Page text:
A tour of the Mayan ruins of Tulum in Mexico



The first time you hear the word “Tulum” you will probably think of the sun, the sea and the beaches, and you will no doubt start fantasizing about visiting all the famous cenotes in the area. You may also soon dream of fruity cocktails and delicious Mexican food to go with it all.

But another major attraction in the heart of Tulum is the ruins of Tulum. While, for some reason, they may not be as famous as some other ancient sites, visiting this ancient and significant Mayan site will not only be a self-made postcard to send people home, but can easily become one of your best memories of visiting Tulum.

So what exactly do you need to know about the Mayan ruins in Tulum before your visit? I’ll let you know below!

What are the ruins of Tulum

The original purpose of the ruins of Tulum was to serve as a kind of sea fortress and a means of protection for the people of the city, so it was walled on three sides, the Caribbean Sea functioning as the fourth wall. In Mayan times, Tulum was an important trading post, especially the trade with Chichen Itza, Ek Balam and Cobá, which was of great importance to them. Especially once its largest rival city, Mayapan, came to collapse, Tulum became an incredibly powerful city and state during the 13th and 14th centuries. Unfortunately, the Mayans left the city once the Spaniards arrived in the early 16th century.

Interestingly, the Mayans were not the ones who actually built these ruins. According to archaeological finds made in the ruins of Tulum, there has been some kind of room even at the beginning of history as in the year 564 AD. From that moment until the arrival of the Spaniards, the city was also occupied by a group of people, although it never exceeded 1600 inhabitants at a time. When the Spaniards arrived, along with the diseases, most of the inhabitants died sadly.

Archaeological site of the Mayan ruins of Tulum

Ruins of Tulum vs Chichen Itza

The most famous ruins of the Riviera Maya and its surroundings are Chichen Itza, part of which has even been designated as one of the 7 wonders of the world. It offers an incredibly complete view of Mayan history and culture, and like the ruins of Tulum, you can’t miss it as part of your itinerary.

However amazing Chichen Itza may be, and deservedly considered more magnificent than the Ruins of Tulum, the only thing that stands out about the Ruins of Tulum is the time spent traversing it. If you have little time, the Ruins of Tulum are the way to go, as visits to Chichen Itza make you forget about a whole day.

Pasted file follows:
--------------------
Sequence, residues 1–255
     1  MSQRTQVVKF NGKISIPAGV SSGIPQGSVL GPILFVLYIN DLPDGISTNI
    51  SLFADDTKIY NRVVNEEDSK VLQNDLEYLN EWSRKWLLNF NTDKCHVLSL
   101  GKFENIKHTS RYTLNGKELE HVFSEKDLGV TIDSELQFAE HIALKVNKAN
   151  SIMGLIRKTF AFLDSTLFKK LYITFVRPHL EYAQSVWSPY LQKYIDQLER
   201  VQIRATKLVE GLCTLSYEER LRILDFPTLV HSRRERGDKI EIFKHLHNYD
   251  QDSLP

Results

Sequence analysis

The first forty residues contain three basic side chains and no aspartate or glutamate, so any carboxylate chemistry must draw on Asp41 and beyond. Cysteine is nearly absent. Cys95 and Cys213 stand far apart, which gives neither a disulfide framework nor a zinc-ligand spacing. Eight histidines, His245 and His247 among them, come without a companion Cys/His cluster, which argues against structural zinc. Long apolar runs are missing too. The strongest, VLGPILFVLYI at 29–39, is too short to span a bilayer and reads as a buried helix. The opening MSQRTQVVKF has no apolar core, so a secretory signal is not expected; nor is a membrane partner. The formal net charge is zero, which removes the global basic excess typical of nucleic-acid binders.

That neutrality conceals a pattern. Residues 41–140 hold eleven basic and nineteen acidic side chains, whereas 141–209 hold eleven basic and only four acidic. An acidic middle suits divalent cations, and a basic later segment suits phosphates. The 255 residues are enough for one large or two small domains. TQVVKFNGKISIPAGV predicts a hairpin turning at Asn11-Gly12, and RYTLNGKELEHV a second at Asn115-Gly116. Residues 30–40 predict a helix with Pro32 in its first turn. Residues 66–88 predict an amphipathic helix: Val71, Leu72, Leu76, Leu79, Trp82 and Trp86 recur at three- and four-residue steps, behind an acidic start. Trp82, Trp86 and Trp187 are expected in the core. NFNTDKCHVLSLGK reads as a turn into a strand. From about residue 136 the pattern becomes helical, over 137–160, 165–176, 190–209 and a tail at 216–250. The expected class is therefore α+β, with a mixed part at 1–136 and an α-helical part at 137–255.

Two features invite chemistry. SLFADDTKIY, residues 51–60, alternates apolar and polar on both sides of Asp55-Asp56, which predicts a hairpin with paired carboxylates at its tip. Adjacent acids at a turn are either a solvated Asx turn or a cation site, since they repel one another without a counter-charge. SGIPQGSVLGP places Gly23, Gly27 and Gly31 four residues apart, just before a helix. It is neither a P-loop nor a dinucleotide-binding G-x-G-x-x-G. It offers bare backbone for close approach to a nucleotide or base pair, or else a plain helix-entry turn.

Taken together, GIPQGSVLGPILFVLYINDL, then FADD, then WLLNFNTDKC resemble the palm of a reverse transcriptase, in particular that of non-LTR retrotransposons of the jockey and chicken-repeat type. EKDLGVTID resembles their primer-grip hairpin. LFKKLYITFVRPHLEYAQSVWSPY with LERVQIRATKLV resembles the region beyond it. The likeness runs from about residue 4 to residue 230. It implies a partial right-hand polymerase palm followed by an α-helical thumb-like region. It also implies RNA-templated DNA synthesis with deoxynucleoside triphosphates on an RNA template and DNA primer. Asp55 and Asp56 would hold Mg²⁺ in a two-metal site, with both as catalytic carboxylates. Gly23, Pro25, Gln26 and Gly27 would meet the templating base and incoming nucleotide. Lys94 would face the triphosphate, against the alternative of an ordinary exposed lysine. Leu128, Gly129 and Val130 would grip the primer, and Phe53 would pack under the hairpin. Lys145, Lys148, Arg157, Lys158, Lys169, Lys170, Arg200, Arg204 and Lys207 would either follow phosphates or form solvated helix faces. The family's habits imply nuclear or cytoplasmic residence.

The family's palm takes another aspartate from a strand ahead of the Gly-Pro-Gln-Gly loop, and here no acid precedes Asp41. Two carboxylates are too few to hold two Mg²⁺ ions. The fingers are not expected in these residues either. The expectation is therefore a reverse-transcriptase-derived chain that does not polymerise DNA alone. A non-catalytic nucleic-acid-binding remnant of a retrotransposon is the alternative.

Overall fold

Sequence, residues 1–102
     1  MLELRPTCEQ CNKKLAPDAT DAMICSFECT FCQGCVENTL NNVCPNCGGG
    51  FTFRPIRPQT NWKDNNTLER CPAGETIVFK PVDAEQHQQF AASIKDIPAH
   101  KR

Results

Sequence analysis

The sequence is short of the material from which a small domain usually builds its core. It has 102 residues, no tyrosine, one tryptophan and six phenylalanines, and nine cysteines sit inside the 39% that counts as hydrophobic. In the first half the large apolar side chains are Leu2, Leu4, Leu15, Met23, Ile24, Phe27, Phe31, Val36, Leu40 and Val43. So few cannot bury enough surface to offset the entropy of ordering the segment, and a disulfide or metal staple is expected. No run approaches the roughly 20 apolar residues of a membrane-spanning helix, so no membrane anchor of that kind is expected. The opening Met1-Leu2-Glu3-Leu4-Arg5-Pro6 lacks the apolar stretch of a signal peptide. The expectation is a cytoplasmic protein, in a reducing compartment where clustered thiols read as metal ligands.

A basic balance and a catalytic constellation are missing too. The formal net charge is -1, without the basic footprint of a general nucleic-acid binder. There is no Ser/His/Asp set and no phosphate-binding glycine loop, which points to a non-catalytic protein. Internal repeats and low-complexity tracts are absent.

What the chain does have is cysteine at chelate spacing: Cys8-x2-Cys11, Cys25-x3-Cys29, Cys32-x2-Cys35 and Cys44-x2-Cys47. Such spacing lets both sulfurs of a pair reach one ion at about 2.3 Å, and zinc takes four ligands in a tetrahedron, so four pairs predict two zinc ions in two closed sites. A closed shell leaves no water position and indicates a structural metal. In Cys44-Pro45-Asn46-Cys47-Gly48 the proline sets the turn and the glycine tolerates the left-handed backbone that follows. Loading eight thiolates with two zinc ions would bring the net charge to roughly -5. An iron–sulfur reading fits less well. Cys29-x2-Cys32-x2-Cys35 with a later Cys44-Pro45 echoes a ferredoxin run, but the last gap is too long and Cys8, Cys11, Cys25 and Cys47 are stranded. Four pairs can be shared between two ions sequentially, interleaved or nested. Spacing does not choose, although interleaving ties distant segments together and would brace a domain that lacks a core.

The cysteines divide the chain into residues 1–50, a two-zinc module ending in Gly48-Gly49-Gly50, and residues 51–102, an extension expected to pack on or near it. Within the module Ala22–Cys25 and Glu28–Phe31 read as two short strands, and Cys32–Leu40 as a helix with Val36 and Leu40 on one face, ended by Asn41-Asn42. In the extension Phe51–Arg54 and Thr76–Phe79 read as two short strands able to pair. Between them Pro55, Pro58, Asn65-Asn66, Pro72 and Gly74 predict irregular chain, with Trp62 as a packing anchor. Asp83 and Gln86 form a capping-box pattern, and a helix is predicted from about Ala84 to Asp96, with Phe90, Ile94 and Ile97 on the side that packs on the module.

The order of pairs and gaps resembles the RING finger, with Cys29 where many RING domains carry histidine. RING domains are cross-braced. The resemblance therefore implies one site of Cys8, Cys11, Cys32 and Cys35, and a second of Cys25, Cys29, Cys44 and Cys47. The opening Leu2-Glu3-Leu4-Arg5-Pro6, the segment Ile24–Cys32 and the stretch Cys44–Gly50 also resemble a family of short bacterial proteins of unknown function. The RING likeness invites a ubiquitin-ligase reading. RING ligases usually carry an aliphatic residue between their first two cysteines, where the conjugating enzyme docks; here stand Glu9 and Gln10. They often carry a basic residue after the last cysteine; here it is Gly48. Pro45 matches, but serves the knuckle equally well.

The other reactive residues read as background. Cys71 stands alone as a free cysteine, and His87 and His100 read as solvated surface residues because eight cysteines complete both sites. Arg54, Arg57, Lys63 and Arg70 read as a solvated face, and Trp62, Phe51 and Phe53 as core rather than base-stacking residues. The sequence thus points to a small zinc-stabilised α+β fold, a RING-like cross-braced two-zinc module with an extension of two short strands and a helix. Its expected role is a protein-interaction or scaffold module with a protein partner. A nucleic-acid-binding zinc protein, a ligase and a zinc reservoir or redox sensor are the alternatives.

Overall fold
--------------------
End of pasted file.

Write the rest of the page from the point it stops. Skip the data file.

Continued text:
However, if you have time, here are the best tours that will take you to Chichén Itzá:

Ruins of Tulum, Mexico, archeological site

About guided tours of the ruins of Tulum

Maybe in order to get the most out of Tulum’s ruins, you may want to hire a guide to teach you. Most visits take about 2 hours to complete, which is a perfectly adequate amount of time to see the best parts of the ruins. Hiring an on-site guide costs about $ 30.

There are even a couple of different excursion options, which often combine ruins with another attraction.

Here are some of the best tours that include a stop at the Tulum Archaeological Site:

Sure, they’re more expensive, but they can offer you a day of exceptional fun in the ruins and beyond! For example, you can combine your tour of the ruins of Tulum with a visit to the huge and famous Xel Ha Ecological Park, where you can enjoy a variety of water activities and other fun in the jungle.

You can also combine a visit to the ruins with an excursion where you can snorkel with the turtles on the beautiful reef barrier of the Caribbean. You can even take a more extreme tour along with the ruins, which will include zip line, abseiling and more.

Where are the ruins of Tulum?